This Chocolate Creamed Honey collaboration between Zak's Chocolate and AZ Queen Bee Honey is not the first chocolate honey I have come across. My seven year old review of CC Pollen Co.'s Chocolate Honey certainly takes me down memory lane. It's weird to think of a time when I didn't buy local honey, and I don't shop at Whole Foods anymore (because of, you know, Amazon). Time takes us on many paths, and the habits we have today aren't necessarily the same as those of yesterday.
Now you might expect for there to be little room for variation between two chocolate honeys; however, such is not the case. They're quite different.
Honey varies not just based on how much it's been processed but also on things like how old it is and what temperature it's currently at. CC Pollen's was pretty stiff, but Queen Bee's is more the texture of caramel. I used to favor buying creamed honey for this very texture; it's sweet and smooth while also still being easier to spread with a spoon or knife than liquid honey (which you kind of have to drizzle). This one is probably especially soft because I keep my home warm (my bearded dragon does not complain).
But I'm getting a little ahead of myself. Let's start off with the jar. The jelly jar shape lets you know this is a jelly-like product (Queen Bee also makes their creamed honey in plain, blueberry, strawberry, and lemon). The black and gold label is classy and sleek enough to make this an elegant gift. Birthday present, hostess gift, friendship offering. Or also a treat for yourself.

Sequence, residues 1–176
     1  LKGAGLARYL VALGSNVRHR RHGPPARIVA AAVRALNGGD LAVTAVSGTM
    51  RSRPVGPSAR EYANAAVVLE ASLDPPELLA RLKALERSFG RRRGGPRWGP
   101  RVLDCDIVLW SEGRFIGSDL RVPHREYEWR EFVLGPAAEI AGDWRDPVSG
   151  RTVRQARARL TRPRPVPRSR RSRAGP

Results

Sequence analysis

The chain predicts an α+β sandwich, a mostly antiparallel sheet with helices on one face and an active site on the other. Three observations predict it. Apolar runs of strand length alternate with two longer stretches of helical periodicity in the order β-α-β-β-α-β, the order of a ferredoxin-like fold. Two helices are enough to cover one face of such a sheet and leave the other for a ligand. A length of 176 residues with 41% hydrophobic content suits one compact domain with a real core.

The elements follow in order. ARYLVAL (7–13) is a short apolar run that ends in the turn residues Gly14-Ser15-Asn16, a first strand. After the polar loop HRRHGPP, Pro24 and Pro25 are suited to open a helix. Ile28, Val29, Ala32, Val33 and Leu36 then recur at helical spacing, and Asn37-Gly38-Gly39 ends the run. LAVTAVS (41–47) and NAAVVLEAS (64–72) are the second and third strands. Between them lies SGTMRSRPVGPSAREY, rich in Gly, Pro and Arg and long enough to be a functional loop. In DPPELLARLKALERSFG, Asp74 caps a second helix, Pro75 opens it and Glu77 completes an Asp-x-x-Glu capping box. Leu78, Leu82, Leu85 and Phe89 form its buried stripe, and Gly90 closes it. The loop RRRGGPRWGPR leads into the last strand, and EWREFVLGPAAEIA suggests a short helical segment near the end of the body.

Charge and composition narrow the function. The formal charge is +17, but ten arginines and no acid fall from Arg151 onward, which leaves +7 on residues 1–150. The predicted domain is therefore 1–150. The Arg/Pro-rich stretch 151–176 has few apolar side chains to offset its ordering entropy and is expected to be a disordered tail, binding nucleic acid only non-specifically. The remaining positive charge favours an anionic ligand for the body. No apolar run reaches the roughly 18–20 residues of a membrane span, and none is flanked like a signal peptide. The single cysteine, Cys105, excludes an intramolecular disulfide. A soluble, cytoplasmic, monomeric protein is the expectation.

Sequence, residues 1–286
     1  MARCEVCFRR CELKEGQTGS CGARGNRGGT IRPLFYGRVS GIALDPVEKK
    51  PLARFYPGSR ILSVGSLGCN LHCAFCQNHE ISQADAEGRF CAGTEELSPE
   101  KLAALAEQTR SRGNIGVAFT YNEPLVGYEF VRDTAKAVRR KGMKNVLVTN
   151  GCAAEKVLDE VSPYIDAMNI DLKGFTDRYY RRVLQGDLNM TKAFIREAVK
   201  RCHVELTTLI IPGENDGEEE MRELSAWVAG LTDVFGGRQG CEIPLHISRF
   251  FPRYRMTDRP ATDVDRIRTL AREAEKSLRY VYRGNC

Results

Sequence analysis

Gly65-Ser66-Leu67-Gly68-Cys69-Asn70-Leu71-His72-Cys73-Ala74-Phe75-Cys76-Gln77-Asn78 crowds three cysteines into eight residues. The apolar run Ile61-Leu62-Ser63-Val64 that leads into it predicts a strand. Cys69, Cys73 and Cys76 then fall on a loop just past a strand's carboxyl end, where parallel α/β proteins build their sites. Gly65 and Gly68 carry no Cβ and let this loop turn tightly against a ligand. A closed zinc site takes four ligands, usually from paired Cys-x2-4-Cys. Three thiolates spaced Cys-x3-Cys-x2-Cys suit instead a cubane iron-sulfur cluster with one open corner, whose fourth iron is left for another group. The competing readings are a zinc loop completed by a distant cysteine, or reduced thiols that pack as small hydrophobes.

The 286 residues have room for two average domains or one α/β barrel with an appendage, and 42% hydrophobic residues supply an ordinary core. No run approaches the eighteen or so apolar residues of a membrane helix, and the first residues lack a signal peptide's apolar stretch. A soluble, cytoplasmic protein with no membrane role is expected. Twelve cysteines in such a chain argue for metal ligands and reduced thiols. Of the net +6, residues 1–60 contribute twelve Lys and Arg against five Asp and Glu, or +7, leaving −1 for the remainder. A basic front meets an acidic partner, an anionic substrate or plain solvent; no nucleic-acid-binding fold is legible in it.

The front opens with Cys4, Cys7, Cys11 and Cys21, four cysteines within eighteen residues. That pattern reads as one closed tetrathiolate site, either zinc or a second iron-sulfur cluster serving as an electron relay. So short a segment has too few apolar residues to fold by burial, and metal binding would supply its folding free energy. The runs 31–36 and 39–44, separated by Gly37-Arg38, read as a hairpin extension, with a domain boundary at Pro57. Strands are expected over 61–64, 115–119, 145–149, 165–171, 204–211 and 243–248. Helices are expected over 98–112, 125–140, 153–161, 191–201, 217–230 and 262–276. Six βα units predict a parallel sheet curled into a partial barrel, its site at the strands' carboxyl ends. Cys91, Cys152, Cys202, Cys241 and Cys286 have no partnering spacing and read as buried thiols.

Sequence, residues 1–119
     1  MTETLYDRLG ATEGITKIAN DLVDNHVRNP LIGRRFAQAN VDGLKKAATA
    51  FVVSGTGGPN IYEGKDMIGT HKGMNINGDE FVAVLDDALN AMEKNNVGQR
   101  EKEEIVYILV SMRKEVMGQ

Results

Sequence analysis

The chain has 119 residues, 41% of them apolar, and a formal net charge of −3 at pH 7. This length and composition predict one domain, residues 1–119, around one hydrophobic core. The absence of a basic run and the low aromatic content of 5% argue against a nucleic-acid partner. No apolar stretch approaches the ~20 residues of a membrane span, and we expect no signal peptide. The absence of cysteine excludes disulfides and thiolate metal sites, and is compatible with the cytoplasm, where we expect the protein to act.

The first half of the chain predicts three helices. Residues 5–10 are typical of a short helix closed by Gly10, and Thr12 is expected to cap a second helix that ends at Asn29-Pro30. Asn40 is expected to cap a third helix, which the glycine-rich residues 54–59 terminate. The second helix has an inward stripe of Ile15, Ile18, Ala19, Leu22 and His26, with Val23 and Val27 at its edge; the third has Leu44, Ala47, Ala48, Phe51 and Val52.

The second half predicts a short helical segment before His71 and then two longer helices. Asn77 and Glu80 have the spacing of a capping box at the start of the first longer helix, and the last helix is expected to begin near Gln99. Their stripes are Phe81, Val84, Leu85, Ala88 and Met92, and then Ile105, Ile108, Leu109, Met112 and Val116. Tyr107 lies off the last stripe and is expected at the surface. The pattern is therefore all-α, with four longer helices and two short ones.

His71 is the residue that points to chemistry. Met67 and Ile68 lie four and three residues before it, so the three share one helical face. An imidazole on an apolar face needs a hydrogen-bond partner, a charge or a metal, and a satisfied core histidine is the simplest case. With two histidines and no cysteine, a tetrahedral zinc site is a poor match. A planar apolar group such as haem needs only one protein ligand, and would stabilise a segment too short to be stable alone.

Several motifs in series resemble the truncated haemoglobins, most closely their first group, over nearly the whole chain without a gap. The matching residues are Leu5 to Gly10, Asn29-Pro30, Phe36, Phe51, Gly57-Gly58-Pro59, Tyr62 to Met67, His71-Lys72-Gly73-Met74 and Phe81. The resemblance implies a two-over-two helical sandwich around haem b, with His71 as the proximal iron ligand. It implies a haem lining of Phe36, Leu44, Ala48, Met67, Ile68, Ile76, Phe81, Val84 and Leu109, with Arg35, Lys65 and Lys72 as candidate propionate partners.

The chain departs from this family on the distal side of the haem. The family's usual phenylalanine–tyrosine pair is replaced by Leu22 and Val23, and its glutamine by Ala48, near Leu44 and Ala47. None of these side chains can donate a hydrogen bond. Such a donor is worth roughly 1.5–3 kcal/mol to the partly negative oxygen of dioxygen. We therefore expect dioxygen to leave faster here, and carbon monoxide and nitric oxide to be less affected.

Opening the jar reveals a rich and strong aroma. It smells of honey but also more strongly of chocolate than I'd expected. I'd say that carries true to taste, as well. It could just be memory, but I don't recall ever having a chocolate honey that tasted this much like chocolate. To clarify: the only ingredients here are honey and cocoa powder. A good helping of cocoa powder, too, it would seem. You can see the specks of it, too, if you look at a thin layer of the honey against the right background. So there is genuine chocolate flavor here rather than artificial chocolate flavoring.
I spread it out on some toast first, one half more thickly and one more thinly for the picture (not that any of these pictures look much enticing; I have not discovered the secret to photographing spreads). Honestly, you can go either way. If you're limiting your sweets, a little of this does go a long way. But spreading thickly is fun, too. Because the chocolate is fairly strong and the honey is incredibly rich and sweet, this makes for a fair substitute for chocolate spreads. It's incredible by the spoonful, too.
I did a little experiment, too. When I make hot chocolate, I just use a little cocoa powder and some honey (usually some cinnamon, too). So what would happen if you added a big spoonful of this chocolate honey to some heated milk/non-milk? I had to find out for you. The effect is like a light milk chocolate hot chocolate. There is just enough cocoa to give a mild chocolate flavor, and of course the honey acts as sweetener. It was an enjoyable beverage and so I'd recommend at least trying it once if you're curious, but I only did it once because it seemed a shame to dilute this spread rather than enjoy the full force of its flavor.
A culinary treat is what this is. You don't have to get creative. Simple bread is just fine. But I'm sure the foodies would enjoy putting together tasting boards with it. And you have the benefit of knowing exactly what is in it and also knowing that it comes from two great small businesses.
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